This is the smallest species of mole salamander, at 7-12 cm.
The blue-spotted salamander is black with many bluish flecks and spots along the sides and extending onto the tail. The belly is dark grey or black. This species closely resembles the Jefferson and Small-mouthed salamanders, however it tends to have more blue spots than either.
Juveniles are difficult to identify as the larvae stage resembles all the other mole salamanders.
This species breeds in temporary and permanent pools and flooded ditches in wooded areas. Breeding often occurs in the spring before the ice has lifted. Males arrive at the pond first, then after a long courtship, the female lays 10-40 eggs.
The aquatic larvae are carnivorous, feeding on daphnia, aquatic insect larvae, tadpoles, and smaller salamander larvae. Transformation occurs in late August or early September.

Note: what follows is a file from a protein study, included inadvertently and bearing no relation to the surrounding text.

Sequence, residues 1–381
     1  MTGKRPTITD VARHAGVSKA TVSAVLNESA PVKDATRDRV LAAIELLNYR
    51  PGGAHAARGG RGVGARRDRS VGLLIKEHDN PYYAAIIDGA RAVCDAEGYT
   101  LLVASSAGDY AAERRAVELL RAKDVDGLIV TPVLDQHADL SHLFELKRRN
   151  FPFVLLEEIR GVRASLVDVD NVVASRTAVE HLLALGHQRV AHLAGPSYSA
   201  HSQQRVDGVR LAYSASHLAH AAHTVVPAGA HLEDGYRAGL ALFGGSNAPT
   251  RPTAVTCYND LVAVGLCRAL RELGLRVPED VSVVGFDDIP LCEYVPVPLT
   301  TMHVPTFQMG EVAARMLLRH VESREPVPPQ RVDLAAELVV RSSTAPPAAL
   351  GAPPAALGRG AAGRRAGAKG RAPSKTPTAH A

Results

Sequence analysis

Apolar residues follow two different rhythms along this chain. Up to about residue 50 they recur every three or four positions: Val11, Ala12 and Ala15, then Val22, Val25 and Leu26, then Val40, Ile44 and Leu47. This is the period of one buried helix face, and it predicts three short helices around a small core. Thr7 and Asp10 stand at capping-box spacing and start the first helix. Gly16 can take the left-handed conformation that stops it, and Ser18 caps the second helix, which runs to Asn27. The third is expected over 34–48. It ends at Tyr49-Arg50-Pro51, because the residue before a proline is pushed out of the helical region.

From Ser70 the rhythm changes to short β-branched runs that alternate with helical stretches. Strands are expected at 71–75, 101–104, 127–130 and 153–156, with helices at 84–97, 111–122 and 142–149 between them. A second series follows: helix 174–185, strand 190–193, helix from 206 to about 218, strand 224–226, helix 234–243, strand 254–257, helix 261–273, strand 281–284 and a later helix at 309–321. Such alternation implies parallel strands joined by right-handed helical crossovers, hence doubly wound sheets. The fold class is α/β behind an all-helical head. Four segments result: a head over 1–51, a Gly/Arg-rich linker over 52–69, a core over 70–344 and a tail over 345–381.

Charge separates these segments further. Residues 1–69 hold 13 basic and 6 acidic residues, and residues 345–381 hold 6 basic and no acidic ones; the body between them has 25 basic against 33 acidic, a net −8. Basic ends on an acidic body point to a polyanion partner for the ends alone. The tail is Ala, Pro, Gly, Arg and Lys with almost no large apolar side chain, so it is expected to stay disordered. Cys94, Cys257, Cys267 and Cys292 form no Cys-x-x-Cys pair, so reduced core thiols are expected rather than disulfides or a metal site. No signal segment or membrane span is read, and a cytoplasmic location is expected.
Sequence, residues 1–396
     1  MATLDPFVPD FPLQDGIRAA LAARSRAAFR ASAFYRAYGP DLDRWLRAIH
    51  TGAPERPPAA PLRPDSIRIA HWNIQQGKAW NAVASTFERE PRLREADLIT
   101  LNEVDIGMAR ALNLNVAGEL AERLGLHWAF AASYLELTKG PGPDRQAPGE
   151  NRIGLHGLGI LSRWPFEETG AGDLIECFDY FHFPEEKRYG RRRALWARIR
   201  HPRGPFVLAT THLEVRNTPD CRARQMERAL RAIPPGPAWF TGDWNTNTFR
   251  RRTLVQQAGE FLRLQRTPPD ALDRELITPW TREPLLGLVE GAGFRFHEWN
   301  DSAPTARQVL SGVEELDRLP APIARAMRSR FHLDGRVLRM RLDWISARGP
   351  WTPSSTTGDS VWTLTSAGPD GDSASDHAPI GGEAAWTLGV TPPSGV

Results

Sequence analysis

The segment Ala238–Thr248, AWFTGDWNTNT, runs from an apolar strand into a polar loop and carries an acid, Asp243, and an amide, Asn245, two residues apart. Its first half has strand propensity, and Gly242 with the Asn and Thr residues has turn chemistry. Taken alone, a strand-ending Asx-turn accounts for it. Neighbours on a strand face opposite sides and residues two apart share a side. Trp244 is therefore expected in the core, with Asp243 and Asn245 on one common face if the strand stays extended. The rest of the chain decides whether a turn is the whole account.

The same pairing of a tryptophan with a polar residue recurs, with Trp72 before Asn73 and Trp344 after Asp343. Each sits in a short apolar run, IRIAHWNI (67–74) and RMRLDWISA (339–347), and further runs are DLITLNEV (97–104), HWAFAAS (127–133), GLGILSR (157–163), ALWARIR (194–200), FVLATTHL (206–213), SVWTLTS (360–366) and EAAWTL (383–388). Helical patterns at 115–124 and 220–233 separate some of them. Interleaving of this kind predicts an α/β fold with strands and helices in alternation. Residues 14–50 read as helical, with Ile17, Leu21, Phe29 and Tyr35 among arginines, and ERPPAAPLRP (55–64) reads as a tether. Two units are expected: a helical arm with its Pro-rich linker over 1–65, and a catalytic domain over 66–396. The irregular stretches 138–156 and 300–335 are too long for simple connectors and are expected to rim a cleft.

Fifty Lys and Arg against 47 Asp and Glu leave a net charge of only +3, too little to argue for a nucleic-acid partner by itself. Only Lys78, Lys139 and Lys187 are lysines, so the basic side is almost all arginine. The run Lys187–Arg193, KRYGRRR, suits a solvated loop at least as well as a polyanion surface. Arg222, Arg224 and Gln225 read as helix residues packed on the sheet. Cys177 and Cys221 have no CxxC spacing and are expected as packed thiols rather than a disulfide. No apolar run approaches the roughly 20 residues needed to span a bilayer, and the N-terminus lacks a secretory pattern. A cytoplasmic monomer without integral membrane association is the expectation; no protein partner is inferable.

In spring and fall rains they may be found under logs and rocks around breeding pools or in damp depressions in woodlands.
Adults spend the summer underground in tunnels beneath stumps and rocks, only emerging to feed in wet weather.
The identification of the Blue-spotted salamander, the Jefferson salamander and the Small-mouth salamander is complicated by their ability to interbreed. The resulting hybrid species, the Tremblay's and Silvery salamanders, are usually larger than the parent species.
The taxonomy of this species complex is still being studied by researchers in an attempt to clarify the status of these interbreeding salamanders.